Are the reserves ready? Not ready enough!

If the United States had to fight a war tomorrow, it could not hope to win without its ''citizen soldiers.'' One-third of the marines in all-out combat would be reservists. Nearly 60 percent of all tactical airlift would be provided by ''weekend warriors'' of the Air Force Reserve and National Guard. Two-thirds of all Army combat service support would come from reserve and guard units. More than three-quarters of all mine sweepers would be drawn from the Naval Reserve Fleet.

Reserve components, says one analyst, ''are inextricably linked to the national security of our nation.''

The Pentagon - on its own and with some firm nudging from Congress - is taking steps to improve reserve and guard forces. And there is no doubt these forces are noticeably better than at their low point of the late 1970s, when the number of reservists - with the threat of conscription no longer hanging over them and official attention focused elsewhere - fell by more than 50 percent.

Yet, some experts are warning that in these post-draft days, the reserves are the either the ''stepchild'' or the ''Achilles' heel'' of the all-volunteer force.

According to a new Congressional Research Service report, the Army Reserve has on hand just 34 percent of its wartime requirement for equipment. The report warns that in some reserve specialties that would be crucial to battlefield success (particularly doctors and other medical personnel), the reserves ''are significantly short of personnel.''

''You have many units running around in jeeps pretending they're tanks,'' says Warren Lenhart, author of the congressional report. ''It's almost unbelievable that you have Army Reserve units that have the responsibility for repairing the M-1 (tank), but they've never turned a bolt on one of the things.''

''Major equipment shortfalls exist in many areas of the Surface Reserve,'' the US Naval Reserve director, Rear Adm. Robert F. Dunn, told a House Armed Services subcommittee earlier this year. Some naval air reserve units are flying obsolescent aircraft that could not be properly serviced or repaired aboard ship.

With all the recent talk about beefing up US and allied conventional forces to prevent nuclear escalation in time of conflict, the issue of being able to respond quickly is becoming very hot. And the trend here is toward relying more and more on reserves to beef up active-duty units quickly to wartime levels if necessary, and to fill many crucial support jobs that would be essential in the first days of mobilization.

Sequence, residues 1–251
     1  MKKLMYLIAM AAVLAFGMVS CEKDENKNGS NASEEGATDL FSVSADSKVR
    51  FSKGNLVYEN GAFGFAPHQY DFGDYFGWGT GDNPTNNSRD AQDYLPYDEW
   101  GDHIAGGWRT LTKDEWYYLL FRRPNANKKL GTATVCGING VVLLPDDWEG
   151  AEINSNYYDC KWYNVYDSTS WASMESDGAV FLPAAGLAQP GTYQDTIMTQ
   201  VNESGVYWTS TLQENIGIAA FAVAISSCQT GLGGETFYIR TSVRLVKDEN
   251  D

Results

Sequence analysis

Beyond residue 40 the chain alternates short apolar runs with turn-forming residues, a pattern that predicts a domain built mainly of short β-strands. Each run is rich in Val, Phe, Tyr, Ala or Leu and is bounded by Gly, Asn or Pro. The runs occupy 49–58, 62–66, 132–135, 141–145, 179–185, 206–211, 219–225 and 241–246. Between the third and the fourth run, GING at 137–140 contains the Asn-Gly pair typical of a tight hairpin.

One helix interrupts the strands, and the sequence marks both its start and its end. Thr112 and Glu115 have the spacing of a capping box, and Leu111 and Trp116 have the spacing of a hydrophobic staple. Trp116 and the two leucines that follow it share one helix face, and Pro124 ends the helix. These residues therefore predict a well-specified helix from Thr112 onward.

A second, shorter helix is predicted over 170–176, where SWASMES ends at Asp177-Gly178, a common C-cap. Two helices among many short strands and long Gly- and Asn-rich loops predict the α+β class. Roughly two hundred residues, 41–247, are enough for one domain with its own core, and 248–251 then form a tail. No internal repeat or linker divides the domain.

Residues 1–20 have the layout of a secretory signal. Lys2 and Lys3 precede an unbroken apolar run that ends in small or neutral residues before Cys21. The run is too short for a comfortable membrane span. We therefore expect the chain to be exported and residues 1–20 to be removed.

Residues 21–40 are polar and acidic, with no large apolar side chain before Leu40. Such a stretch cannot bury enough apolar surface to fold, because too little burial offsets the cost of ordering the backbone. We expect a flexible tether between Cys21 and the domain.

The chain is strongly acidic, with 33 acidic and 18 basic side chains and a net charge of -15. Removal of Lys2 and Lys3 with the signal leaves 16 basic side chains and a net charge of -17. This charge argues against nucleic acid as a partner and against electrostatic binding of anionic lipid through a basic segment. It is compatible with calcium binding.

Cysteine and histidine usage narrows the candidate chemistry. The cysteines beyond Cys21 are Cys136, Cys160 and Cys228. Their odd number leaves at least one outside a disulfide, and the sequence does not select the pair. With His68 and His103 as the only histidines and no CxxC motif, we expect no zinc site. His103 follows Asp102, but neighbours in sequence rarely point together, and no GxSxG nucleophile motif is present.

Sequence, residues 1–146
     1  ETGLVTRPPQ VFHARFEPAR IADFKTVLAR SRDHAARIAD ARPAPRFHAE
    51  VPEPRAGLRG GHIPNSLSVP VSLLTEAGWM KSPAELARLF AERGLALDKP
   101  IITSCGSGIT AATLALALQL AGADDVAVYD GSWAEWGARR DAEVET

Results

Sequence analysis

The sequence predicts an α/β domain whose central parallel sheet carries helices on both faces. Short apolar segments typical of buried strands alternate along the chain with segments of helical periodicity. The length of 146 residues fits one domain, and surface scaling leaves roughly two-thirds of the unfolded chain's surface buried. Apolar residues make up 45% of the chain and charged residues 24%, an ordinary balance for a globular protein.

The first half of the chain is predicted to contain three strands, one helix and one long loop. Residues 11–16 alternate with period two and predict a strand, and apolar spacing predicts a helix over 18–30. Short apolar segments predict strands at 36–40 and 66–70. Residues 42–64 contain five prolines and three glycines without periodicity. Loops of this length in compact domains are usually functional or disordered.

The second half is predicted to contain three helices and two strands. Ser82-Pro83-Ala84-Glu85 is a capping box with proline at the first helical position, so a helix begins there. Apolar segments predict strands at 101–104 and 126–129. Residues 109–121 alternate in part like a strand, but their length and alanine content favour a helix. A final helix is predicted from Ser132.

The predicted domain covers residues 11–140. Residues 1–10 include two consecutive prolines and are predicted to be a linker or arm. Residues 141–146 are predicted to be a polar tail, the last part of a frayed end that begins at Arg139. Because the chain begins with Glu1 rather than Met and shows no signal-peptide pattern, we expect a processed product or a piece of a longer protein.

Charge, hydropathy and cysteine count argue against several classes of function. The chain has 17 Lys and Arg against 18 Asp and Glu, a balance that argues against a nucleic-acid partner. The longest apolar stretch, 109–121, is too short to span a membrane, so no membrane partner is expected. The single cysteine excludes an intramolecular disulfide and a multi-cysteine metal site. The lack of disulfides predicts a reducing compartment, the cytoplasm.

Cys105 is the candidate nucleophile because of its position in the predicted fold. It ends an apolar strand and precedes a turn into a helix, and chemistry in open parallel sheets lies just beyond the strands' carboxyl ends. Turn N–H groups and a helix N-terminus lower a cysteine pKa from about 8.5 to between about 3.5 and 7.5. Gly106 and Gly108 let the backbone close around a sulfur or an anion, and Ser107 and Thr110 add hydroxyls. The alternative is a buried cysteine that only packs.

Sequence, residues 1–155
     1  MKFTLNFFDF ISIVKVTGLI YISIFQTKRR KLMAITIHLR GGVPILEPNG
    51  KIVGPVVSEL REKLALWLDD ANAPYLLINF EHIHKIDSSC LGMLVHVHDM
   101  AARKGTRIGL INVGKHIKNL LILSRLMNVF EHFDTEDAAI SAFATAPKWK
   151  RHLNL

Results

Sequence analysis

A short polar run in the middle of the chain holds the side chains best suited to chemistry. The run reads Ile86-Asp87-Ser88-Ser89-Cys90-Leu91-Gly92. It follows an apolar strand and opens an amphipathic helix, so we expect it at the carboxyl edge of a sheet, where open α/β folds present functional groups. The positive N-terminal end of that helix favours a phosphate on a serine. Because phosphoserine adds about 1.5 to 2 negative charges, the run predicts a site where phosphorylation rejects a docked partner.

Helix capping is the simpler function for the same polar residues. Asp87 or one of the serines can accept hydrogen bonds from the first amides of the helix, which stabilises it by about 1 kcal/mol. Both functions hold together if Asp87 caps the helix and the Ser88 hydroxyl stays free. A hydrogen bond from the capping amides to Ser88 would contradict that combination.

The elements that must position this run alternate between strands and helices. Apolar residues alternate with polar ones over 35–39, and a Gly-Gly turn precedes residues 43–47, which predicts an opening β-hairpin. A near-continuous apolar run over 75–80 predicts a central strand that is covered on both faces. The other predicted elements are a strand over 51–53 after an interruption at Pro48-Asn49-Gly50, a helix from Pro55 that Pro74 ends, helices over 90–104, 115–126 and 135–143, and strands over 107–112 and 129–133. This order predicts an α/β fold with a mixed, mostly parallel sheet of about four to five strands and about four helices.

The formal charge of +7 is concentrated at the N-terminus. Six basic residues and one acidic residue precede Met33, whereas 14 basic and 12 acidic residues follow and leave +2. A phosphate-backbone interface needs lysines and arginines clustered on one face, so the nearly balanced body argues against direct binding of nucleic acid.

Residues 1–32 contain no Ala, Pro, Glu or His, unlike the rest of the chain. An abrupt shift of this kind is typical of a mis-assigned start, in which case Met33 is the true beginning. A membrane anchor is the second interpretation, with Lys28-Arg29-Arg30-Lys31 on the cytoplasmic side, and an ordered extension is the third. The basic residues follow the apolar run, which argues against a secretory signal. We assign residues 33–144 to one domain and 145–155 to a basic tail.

''If war breaks out, some reserve units are going (into action) before many active units,'' Mr. Lenhart says.

This worries some analysts. ''There has been a longstanding controversy about how many of the reservists actually would report when ordered to active duty upon mobilization,'' John Brinkerhoff, a retired Army colonel and former deputy assistant secretary of Defense, said recently.

Senior officers and Pentagon civilians point to improvements in guard and reserve forces.

Under President Reagan, the Pentagon has earmarked more money for the procurement of up-to-date equipment for all seven reserve components (Army, Air Force, Navy, Marine, and Coast Guard Reserves, and the Army and Air National Guard).

Lawrence Korb, assistant secretary of defense for manpower, reported recently that the number of those assigned to reserve units now is near the all-time high set in 1959. And the number who are part of the Individual Ready Reserve (primarily active-duty veterans with time remaining on their total service obligation, but not assigned to specific reserve units), although less than one-third of what it was 10 years ago, is coming up as well.

''Today, we are in better shape than we have been at any time in the recent past,'' says Major Gen. Stephen G. Olmstead, Marine Corps deputy chief of staff for reserve affairs. But on Capitol Hill - where many lawmakers are veterans and the reserve and guard popular - this is not enough.

Sen. John W. Warner (R) of Virginia (who is a former secretary of the Navy) says, ''Our reserve components are a real defense bargain. They can successfully perform their missions with only 20 to 50 percent of the funds required for similar active-duty units.'' While some dispute these figures, pay and benefits costs are less for part-time military people.

Senator Warner has led the effort to cap active-duty military personnel levels and shift some missions and personnel to the guard and reserves. Congress this year authorized lower active-duty levels and more reserve manpower than were sought by the administration.

Lawmakers also directed that more money be spent on weapons and support equipment for the reserves, authorized the President to name a new assistant secretary of defense with full-time focus on reserve affairs, and directed the Pentagon to look for more ways to shift military missions to reserve units.

Congress told the President he can extend a recruit's total military obligation to eight years. While this would not extend active-duty enlistments, it would (after several years) create a larger pool of veterans for the Individual Ready Reserve. Those who stay in the IRR will be offered reenlistment bonuses as well.

But some experts warn against expanding the role of citizen soldiers too rapidly. ''Before you talk about expanding missions,'' says congressional researcher Warren Lenhart, ''you really have to decide whether or not they're capable of doing the mission they're programmed to do right now.''

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